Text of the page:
Bang Bang, She'll Shoot You Down
According to that old cynic Jean Luc Godard, the gun and the girl are all you need to make a movie — and so here Louise Orwin has a lot of fun taking on the idea to see if he's right. It's a witty, sexy and sometimes sad dissection of screen sexuality with Orwin playing the role of Her opposite the only other character Him, who is played by a different and totally unrehearsed male volunteer each night. What Her then asks Him to do is at the heart of the show and with gun-play, slapping, spitting and dressing up involved, the final result ends up being something between a performance and a test.
The two roughly act out a boy-meets-girl b-movie with love scenes and shoot-outs set to a woozy Tarantino-tinged soundtrack including Al Green, Nancy Sinatra and the like. Orwin slinks around deliciously, purring her lines in a Southern drawl that's as sweet as cherry syrup. Meanwhile her stilted male co-star tries to keep up, by turns confused and elated by the parts she has him play. But the point is less to make him look silly than to unpick a cinematic notion of cool that many people take for granted, glossing over the fact that men get to do all the fun stuff while the girls mainly just cheerlead.
The use of a video camera to one side so we can simultaneously see another version of the film they are making is effective, while wry stage directions on a screen behind the actors underline the fact that cine-culture, which often seems to simply exist, has authored intentions behind it and those authors would do well to think twice about how and why they employ the old clichés. Perhaps the show could go further — it's ultimately a melancholy play rather than an angry one — but it still works well and acts as a fine curtain raiser for the nicely-named Calm Down, Dear festival of feminist work to come.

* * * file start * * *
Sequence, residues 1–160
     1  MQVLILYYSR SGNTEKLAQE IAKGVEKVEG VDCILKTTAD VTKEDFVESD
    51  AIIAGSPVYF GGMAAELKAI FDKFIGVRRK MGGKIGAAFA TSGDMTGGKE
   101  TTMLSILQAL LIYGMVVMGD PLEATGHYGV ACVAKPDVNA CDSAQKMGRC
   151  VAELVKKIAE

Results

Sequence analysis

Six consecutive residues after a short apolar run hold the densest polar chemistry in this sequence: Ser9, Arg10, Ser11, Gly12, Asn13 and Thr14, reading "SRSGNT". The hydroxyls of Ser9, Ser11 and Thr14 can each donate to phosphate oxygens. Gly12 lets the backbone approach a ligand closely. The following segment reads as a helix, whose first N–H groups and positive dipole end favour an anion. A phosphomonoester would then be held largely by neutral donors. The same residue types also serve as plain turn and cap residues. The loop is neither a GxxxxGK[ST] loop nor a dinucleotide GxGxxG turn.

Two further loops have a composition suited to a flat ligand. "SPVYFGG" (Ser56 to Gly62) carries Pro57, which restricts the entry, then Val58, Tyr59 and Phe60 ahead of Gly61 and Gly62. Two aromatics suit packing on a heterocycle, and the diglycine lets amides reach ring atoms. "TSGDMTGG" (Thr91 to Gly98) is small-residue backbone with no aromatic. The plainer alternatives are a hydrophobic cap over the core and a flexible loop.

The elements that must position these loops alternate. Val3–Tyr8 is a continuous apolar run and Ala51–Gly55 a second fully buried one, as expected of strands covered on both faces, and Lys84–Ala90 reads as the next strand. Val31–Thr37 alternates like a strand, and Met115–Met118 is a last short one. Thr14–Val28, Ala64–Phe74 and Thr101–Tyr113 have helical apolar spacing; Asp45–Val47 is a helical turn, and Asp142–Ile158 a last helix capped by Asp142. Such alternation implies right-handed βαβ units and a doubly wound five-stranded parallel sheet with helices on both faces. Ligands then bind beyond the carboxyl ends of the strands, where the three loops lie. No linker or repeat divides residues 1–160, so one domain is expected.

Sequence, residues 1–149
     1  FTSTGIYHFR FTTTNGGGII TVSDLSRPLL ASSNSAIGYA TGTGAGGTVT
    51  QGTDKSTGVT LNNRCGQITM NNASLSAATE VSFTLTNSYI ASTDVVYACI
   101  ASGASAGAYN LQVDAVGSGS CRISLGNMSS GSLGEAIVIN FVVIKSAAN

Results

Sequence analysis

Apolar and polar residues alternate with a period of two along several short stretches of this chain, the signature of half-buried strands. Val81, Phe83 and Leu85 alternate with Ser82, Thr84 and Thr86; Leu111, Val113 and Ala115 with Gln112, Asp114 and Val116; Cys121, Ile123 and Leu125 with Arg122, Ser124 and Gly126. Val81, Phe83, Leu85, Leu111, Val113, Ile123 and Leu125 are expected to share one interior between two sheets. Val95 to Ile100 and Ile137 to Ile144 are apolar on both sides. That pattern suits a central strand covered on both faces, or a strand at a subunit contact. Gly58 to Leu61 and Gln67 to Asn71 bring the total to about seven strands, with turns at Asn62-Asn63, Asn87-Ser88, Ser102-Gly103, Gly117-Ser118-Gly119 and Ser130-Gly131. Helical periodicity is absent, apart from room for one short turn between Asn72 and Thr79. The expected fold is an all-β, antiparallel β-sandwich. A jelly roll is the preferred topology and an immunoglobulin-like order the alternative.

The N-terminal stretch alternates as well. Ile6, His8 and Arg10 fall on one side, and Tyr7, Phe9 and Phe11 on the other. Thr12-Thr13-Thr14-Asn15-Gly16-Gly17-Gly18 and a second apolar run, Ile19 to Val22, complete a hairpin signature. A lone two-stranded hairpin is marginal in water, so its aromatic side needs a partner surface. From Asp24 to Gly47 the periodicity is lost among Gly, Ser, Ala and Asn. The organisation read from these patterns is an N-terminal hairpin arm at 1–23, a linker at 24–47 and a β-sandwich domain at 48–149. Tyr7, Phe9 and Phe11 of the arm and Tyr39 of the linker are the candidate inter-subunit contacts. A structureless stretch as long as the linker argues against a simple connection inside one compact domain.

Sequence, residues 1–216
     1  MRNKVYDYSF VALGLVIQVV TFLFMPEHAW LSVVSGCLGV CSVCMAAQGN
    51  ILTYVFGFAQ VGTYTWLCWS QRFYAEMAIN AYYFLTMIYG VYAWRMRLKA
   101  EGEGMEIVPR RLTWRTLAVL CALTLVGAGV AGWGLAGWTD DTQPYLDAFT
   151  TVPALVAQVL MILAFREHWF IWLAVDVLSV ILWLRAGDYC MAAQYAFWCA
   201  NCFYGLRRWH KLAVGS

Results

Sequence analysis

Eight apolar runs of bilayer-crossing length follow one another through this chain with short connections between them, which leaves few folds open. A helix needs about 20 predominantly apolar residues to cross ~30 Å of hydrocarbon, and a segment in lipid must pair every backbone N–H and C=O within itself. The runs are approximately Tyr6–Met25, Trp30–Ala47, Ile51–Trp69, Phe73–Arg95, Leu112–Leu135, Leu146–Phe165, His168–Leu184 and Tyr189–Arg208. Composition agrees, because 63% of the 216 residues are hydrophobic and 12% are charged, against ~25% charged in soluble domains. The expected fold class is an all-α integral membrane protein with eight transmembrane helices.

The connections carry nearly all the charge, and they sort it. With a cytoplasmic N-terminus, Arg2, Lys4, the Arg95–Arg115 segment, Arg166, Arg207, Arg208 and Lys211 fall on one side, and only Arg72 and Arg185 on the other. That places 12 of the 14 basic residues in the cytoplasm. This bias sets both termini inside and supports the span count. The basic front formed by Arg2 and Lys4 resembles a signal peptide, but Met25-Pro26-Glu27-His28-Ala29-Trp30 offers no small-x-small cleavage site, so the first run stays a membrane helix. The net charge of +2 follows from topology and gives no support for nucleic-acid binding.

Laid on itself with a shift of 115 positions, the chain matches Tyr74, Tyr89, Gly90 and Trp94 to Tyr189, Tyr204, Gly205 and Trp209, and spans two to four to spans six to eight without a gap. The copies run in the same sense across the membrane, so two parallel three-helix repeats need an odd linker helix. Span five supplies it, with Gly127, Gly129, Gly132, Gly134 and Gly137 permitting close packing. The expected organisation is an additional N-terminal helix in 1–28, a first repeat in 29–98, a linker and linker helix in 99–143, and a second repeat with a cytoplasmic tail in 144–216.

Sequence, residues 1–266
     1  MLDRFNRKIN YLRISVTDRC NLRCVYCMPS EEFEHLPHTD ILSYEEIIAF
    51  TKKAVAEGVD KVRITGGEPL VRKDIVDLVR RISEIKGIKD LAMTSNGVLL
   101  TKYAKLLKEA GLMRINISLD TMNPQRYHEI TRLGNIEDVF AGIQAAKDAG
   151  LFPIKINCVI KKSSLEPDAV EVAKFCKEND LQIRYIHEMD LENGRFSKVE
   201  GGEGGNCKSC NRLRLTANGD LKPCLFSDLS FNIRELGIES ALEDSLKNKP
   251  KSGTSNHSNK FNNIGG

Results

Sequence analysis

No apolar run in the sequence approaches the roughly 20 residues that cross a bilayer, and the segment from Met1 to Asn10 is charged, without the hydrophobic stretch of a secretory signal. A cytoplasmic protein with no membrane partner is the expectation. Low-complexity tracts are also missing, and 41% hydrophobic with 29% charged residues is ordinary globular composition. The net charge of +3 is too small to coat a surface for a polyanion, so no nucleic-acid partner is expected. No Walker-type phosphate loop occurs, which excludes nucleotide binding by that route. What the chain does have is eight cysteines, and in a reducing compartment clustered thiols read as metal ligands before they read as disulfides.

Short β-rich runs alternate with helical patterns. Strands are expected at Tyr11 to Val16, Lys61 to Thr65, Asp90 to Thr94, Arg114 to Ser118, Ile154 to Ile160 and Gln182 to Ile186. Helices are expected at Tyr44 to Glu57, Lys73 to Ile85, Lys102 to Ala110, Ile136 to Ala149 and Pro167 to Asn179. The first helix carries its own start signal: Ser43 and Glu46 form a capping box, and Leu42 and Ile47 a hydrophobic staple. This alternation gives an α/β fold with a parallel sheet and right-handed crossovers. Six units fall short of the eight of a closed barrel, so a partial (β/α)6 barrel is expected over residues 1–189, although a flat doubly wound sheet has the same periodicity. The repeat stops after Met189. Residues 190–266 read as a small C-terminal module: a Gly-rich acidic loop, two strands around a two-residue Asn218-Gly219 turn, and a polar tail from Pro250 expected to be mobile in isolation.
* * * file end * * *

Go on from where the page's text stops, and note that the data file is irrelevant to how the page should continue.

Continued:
It's the third year CPT has staged Calm Down, Dear and the packed programme promises to look at the state of feminism today from every conceivable angle. The directorial team of Brian Logan and Amber Massie-Blomfield are to be congratulated on their innovative and energetic approach: you don't always know what you're going to get at CPT, but it's always something good.
A Girl And A Gun runs until 3 October. Tickets £12/10 with £16 double bill deals or you can get a Calm Down, Dear festival pass covering five shows for £40. Londonist saw this show on a complimentary ticket.
Last Updated 19 September 2015